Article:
Business Jet Traveler

June 1, 2007
Using a reduced-oxygen breathing device, Donna Murdoch of Human Systems Solut
The oxygen mask drops from the ceiling. You know what to do because your pilots or flight attendant briefed you before takeoff. Give the lanyard a tug, place the mask over your mouth and breathe.
June 1, 2007
“People tend to fall in love with a particular business jet,” which often res
You're getting where you need to go-most of the time, at least. But what about everyone else in the company who needs to fly? Is the corporation missing opportunities? Are you paying too much for aviation services? It can be challenging for top management to answer such questions. Here are 10 rules to follow to ensure that your flight department is operating effectively.
June 1, 2007
Aircraft fractional shareowners can be included in the International Registry of Mobile Assets (IRMA), giving them the same Cape Town Treaty protection that sole owners have had since March 2006.
June 1, 2007
Frederick Price
Nothing in Frederick Price's early life suggested that he would one day lead a congregation of thousands and fly around in a private jet. He grew up poor, in a nonreligious household, with an alcoholic father, and he suffered during childhood from an inferiority complex and a variety of phobias.
June 1, 2007
While few general aviation flights currently land or take off at Washington N
It took four years after the 9/11 attacks for the Department of Homeland Security to reopen Ronald Reagan Washington National Airport to general aviation traffic. These days, though, flying a business jet into the heart of the nation's capital is easier than you might think.
June 1, 2007
Two companies are promoting new child seat-restraint systems for in-flight use.
April 1, 2007
Cessna’s Mustang VLJ has a claimed top speed of 340 knots.
Cessna was late to the very light jet party. When the company first announced the Citation Mustang, in 2002, it refused to call it a light jet. Cessna CEO Jack Pelton to this day refuses to label the airplane a VLJ and instead describes it as a "downward defense of the product line."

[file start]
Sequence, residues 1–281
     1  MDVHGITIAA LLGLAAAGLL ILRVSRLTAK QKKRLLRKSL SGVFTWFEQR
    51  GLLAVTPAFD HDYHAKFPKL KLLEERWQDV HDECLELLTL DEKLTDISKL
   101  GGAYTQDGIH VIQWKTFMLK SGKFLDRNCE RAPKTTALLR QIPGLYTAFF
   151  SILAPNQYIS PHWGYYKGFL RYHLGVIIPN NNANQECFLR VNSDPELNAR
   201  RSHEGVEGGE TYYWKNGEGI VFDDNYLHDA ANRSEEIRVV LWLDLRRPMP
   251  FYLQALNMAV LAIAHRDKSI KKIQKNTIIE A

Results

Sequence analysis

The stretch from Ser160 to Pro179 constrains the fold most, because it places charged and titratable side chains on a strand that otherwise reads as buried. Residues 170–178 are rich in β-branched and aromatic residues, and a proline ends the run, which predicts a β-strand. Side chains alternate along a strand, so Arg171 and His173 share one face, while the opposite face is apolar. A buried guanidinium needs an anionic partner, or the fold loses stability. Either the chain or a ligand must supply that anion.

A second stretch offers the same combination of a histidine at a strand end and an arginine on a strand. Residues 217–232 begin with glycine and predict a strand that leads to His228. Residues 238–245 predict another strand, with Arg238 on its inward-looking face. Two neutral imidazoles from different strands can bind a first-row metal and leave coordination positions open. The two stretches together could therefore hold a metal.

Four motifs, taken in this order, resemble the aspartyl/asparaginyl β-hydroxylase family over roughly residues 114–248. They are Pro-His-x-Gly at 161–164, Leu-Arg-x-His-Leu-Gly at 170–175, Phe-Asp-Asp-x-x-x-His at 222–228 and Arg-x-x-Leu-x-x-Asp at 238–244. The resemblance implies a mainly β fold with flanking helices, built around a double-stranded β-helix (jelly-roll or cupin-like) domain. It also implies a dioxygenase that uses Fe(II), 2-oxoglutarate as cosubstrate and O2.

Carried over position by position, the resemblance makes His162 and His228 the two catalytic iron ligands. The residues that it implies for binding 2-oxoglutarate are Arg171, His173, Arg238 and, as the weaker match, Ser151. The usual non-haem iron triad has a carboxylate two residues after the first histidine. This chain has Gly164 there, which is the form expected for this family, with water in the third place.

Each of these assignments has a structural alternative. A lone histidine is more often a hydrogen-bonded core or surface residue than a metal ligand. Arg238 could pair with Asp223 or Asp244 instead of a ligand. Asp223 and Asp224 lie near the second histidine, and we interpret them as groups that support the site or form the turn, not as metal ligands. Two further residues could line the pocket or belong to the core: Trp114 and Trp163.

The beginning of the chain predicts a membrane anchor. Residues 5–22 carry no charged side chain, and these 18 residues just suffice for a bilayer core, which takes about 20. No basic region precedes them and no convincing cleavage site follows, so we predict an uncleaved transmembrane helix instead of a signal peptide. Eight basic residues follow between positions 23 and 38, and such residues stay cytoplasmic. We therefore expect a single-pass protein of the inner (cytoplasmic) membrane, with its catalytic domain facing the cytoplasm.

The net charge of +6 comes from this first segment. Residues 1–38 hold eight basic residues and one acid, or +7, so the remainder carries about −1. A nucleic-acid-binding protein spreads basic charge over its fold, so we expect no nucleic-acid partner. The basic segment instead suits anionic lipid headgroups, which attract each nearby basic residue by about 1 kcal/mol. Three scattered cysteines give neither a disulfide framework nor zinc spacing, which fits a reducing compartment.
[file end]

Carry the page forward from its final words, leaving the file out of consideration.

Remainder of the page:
April 1, 2007
Stand in a trout stream holding a fly rod for as many hours and days as the patience of your partner back home and the indulgence of your boss, employees or stockholders will permit. Sooner or later, you'll catch a spotted porpoise of a fish so improbably outsized for the shallow confines of the freshwater creek where it swims that you won't believe it.
April 1, 2007
In an ideal world, you'd have it all-a Wi-Fi Internet connection, e-mail access on your BlackBerry, four bars of signal strength on your cellphone and 200 channels of satellite television on a big, flat high-definition screen, all from the comfort of your seat in the cabin. In short, you'd have technologies that would make your time in the air more like your time on the ground.
April 1, 2007
With enough power, you can make a barn door fly.
Ask a pilot what keeps an airplane in the sky and he'll most likely talk about the forces of lift, thrust, gravity and drag; power-to-weight ratios; and possibly "airfoils"-the word used to describe the wings' shape. Or maybe he'll answer simply, "Your credit card." Either way, it's not much comfort when you're eight miles above terra firma with no visible means of support.

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